If you think this is a post driven by personal angst, you're wrong. I'm actually in a happy, fulfilling relationship these days. Something I'd like to think happened because both of us have the kinds of skills and approach to it all that I've been writing about here.

Furthermore, I can think of several friends off the top of my head - ranging in age from their late 20s to over 70 years old - in happy, fulfilling relationships as well. It happens. People do it despite all the bullshit we all have to wade through to get there.

So, today's post is a series of short points attempting to skewer some of that bullshit. Maybe it provides some insights or points of contention. And maybe it's just for my amusement.

Anyway, off we go.

1. People don't owe you anything. Seriously, they don't. They don't owe you dinner. They don't owe you sex. They don't owe you respect. They don't owe you anything.

2. Stop believing that instant chemistry equals love and ever lasting romance. It's a bloody story. Fairy tale. Ninety nine times out of a hundred, that oh my god feeling you have with someone on a first date will lead to a few weeks or months of hot romping in bed, followed by misery, slow fade, or fast disappearance.

3. Stop believing you're so special that everyone should worship your every word, and cater to your every need. Even if you only think this 20% of the time, get to work so that 20% moves towards zero.

4. No one is always right. Learn to admit you're wrong. Or that you don't know. And get used to doing so.

5. Someone who listens well, and is measured in their criticism, is a hell of a lot sexier than the charismatic know it all over the long haul.

6. If you find yourself placing all or most of the blame for your dating and relationship struggles on others, wake the hell up! Because it's YOU that is the common denominator! Go. Get a mirror and stare into it until you can't see yourself anymore. And then repeat until humble, or until you blackout. Whichever comes first. Please, whatever you do, don't drink and stare.

7. Humor. You have some? Let it lose. You don't have any? Find some. Borrow some. Buy some. The one area where the exchange economy might be necessary. Cause if there's one thing lacking in the modern dating world, it's humor. I'll take a funny single person over a dour, hyper serious coupled person any day. I bet you would too, even if you're one of the hyper serious folks I'm talking about here.

8. Gratitude. The single most important ingredient commonly missing from modern dating and modern relationships. When was the last time you were grateful simply to spend a few hours with someone on a date? Not out of desperation, but because they showed up, and listened to your silly stories, and shared a few of theirs. Seriously, our lives are fleeting, and it's way to easy to loose most of it to selfishness, expectations, and other such nonsense.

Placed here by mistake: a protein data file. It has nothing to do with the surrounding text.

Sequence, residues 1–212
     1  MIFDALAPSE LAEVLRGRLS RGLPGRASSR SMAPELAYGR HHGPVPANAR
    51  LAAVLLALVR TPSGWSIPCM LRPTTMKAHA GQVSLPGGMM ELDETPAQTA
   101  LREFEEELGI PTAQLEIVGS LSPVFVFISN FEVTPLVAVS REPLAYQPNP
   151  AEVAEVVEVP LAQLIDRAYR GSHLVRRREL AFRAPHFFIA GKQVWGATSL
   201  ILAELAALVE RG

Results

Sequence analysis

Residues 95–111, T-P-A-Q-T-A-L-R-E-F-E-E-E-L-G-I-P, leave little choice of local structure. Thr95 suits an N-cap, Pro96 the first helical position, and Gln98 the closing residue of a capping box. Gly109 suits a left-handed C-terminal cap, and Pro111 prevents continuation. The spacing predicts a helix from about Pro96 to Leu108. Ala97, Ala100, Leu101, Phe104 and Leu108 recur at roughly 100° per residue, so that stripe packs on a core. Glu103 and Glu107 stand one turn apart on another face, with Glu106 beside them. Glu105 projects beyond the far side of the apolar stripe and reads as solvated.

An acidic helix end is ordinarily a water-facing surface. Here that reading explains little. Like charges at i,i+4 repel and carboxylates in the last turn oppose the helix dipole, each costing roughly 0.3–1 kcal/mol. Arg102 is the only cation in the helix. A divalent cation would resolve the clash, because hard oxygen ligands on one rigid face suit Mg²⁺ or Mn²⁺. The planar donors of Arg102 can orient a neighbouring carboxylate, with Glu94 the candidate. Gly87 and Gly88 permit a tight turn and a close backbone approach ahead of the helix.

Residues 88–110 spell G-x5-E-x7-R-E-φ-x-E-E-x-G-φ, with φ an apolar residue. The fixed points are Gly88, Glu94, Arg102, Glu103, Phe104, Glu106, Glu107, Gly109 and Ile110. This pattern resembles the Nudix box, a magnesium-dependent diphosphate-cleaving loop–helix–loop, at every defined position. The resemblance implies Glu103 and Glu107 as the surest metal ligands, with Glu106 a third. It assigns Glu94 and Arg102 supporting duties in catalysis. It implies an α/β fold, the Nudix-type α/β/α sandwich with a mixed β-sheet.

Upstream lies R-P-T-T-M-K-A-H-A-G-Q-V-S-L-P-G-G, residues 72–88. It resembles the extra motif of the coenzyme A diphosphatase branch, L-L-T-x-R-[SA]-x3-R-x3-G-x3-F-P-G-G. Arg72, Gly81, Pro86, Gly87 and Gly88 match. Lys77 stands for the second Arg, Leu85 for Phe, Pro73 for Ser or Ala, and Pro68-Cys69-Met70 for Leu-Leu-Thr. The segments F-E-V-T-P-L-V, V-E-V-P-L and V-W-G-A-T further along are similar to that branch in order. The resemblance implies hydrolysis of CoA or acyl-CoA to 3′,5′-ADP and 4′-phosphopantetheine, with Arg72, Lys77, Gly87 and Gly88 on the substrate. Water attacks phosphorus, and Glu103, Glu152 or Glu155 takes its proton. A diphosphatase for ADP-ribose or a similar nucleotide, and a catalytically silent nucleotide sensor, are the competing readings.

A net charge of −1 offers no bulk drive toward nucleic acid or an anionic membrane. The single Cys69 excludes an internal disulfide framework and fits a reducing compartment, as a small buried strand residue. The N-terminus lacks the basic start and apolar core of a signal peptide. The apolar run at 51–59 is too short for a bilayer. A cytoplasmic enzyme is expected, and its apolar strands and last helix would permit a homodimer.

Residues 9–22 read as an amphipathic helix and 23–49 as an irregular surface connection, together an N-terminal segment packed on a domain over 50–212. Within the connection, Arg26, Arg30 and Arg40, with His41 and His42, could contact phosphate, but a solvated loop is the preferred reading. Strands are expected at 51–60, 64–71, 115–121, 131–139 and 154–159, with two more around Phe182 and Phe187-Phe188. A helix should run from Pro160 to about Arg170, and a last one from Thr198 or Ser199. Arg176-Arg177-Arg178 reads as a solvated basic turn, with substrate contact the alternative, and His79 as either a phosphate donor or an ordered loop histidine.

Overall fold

9.

Thursday, November 15, 2012

How Emotionally Charged Judgements Are Relationship Killers


One common paired theme that seems to come up on one dating blog after another is lying and truth telling. Obviously, these two not only apply to romantic relationships - they are found in all human relationships, and frequently are the pivot points between harmony and discord.

But when you get down to it, what is a lie and what is the truth? It's a simple question that isn't always easily answered. Furthermore, when it comes to working with others in your life in a caring, respectful manner, the issue is timing, as well as how something is said can be just as important (or moreso even) than whether it's truthful or not. In other words, I think people sometimes get too fixated on a black and white sense of truth telling and lying, forgetting that everything happens in a larger context.

As a general rule, I find it really helpful to make a discernment between basic facts of a given situation, and evaluations or judgments. This idea is loosely coming from a relationship practice called NVC, or Non-violent communication, which was developed by psychologist and social activist Marshall Rosenberg. What Rosenberg discovered working in situations where conflict was quite high and challenging was that when people spoke from a place of their feelings and perceived needs, instead of a place of judgment and evaluative criticism, not only was conflict reduced, but it became easier for everyone involved in a given situation to gain clarity about the truth. Having taken workshops on NVC in the past, I'd even go so far as to say that the truth isn't a set of statements - it's more about a way of being and acting. A process, in other words.

Some key components of this process are the following: